It is officially June, my favorite month of the year. The summer weather calms down into a gentle heat, my birthday is in the first week, and it's LGBT pride month! As a bisexual woman, it took me a while to find my identity. I thought I was straight, then I thought I was gay, then I fell for a man and had to reconcile that with all the work I'd done making a place for myself in the LGBT world. This transition has been strange, but worth it, both for myself and my partner (love you, honey!). Walking down the street holding hands with who I love no longer puts a target on my back, but it also alienates me from many friends, and sometimes from my identity. That can be super exhausting.
This is why I love pride month so much. I hear my whole community telling me I'm okay! This is the one time of the year when I feel completely surrounded by the LGBT crowd. I proudly wear my colors, and this year I am beyond excited to experience Iowa City Pride for the first time!
I just have one concern.
Iowa City is a party town, and the party scene is pretty dominated by heteros. It's part of the culture, and that's totally fine. I knew that when I moved here. But lately I've been hearing straight girls getting excited for Pride, which it sounds like they view as the ultimate party. They're missing this key component of Pride as a safe place. This is not a time to point and laugh at gay dudes in bondage gear in a parade. This is a treat for those of us who have been struggling and hiding and trying to survive a hostile world all year. It's not just a party, it's a release of frustration and pain and it's a memorial of those we have lost.
I can see your indignant face through the screen, and I get it. "Gabie, this is a huge festival full of rainbows and glitter and sex toys, it's not like an army of straight girls is charging into a candlelight vigil. Lighten up!" Yes, there are all of those things at pride. But Pride is also about culture, and to understand that, you need to understand the history of the LGBT community.
Pride started with the Stonewall riots, which ended in June of 1969. If you aren't familiar with the Stonewall riots, well, there's one reason Pride isn't for you.
Ronald Reagan allowed the HIV epidemic to continue because it was killing gay people and black people, undesirable groups in his eyes. HIV is now completely treatable, and people who are HIV positive can have healthy sexual relationships without infecting their partner. Still, the stigma that began in the 80s has survived to this day. You will likely come across memorials for those lost to AIDS, as well as demonstrations trying to lift the stigma surrounding HIV. If these confuse or frighten you, it's because you're out of place.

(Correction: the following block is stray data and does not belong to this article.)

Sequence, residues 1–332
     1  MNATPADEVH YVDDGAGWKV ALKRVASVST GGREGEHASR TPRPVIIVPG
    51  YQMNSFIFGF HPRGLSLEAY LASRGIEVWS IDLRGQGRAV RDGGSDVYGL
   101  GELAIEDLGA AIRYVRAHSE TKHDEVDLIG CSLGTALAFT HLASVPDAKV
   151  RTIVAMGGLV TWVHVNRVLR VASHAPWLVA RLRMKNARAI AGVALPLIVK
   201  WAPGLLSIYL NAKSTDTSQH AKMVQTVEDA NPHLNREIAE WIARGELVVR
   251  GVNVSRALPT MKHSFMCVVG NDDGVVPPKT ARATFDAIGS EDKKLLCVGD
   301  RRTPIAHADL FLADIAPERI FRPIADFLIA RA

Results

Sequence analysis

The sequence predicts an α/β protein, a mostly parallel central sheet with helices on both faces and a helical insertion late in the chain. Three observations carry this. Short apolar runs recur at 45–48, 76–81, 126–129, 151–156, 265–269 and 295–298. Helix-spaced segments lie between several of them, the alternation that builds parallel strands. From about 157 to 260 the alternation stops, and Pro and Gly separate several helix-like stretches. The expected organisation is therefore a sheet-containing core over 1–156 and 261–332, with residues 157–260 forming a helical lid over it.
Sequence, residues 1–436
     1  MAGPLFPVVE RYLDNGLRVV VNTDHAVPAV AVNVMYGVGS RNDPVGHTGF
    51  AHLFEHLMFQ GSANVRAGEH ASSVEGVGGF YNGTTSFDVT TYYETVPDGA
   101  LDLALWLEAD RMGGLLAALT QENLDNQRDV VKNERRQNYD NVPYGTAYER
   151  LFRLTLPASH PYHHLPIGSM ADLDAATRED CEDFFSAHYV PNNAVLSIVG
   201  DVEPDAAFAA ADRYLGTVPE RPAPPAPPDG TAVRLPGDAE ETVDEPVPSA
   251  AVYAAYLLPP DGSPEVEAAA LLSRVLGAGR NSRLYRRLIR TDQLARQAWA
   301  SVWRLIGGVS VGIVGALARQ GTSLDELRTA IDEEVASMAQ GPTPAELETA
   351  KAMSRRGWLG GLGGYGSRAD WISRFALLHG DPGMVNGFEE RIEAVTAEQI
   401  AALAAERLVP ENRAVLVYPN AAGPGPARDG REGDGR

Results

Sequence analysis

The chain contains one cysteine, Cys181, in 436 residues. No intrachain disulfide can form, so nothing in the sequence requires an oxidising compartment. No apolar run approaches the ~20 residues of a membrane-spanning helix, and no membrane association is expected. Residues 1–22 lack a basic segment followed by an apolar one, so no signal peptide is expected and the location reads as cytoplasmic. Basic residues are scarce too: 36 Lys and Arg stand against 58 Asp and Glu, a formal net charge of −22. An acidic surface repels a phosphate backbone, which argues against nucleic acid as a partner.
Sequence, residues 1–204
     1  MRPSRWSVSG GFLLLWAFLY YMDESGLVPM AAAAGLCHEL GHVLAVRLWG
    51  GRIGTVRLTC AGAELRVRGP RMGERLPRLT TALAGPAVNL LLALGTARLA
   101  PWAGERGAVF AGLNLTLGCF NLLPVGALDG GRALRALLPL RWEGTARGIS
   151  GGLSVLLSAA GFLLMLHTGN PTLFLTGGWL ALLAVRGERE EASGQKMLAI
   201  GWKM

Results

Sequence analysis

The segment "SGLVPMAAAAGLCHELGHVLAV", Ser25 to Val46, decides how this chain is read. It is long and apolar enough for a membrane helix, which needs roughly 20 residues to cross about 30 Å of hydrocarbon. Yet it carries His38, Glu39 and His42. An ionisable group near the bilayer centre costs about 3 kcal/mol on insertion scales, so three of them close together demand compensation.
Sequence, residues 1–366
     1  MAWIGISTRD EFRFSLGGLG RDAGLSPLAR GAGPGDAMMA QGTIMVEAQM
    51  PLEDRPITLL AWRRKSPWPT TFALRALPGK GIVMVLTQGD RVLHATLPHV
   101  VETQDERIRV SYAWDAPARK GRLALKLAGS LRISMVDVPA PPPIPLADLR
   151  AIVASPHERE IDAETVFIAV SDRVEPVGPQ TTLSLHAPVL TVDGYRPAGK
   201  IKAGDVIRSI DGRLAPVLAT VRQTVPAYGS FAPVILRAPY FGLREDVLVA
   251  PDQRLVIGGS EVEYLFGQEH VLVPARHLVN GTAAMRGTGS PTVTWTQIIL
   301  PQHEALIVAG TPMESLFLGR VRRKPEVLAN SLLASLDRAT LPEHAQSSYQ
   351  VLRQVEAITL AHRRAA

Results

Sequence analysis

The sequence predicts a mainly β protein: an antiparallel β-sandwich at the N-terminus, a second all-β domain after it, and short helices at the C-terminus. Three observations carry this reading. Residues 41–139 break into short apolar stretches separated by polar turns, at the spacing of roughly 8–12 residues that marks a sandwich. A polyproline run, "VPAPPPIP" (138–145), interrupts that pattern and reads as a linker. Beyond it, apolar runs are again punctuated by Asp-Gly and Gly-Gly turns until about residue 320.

Does the name Harvey Milk ring any bells? No? Google it.
How about Marsha P Johnson?
These people, these events, these struggles- they gave us Pride. Pride used to be a protest. It used to be illegal just to be LGBT. Police would raid clubs, beat us down, strip search us, and worse. Not all glitter and rainbows, huh?
It is through an endless fight that we gained Pride as a celebration as well as a protest. And I guarantee, even in Iowa City, you will see protesters at Pride on both sides of the aisle. Discrimination just on the basis of sexual orientation is still legal in some circumstances. Trans people still experience violence every day. Conversion therapy, which drives a quarter of "patients" to suicide, is still legal in 41 states.
Just recently, the Supreme Court decided that a baker was within his rights to refuse to bake a wedding cake for a gay couple. That decision has begun to snowball into "You don't have to sell LGBT people a house" and "Businesses should be able to deny service to people of color." This fight is not over, and I don't think it ever will be.
But, it's ok! You can still come to Pride! You can get your rainbow snow-cone and come see the LGBT talent at Pride events. But please, earn it. Align yourselves with the LGBT community. Research the things I mentioned, because I just barely scratched the surface. Look into the crisis of homeless LGBT youth, find an organization that gives you a way to help. Protest with your LGBT peers.
We have to wave the flag every day of our lives, and we don't always get cheers and applause for doing it. If you're going to celebrate with us, fight with us too.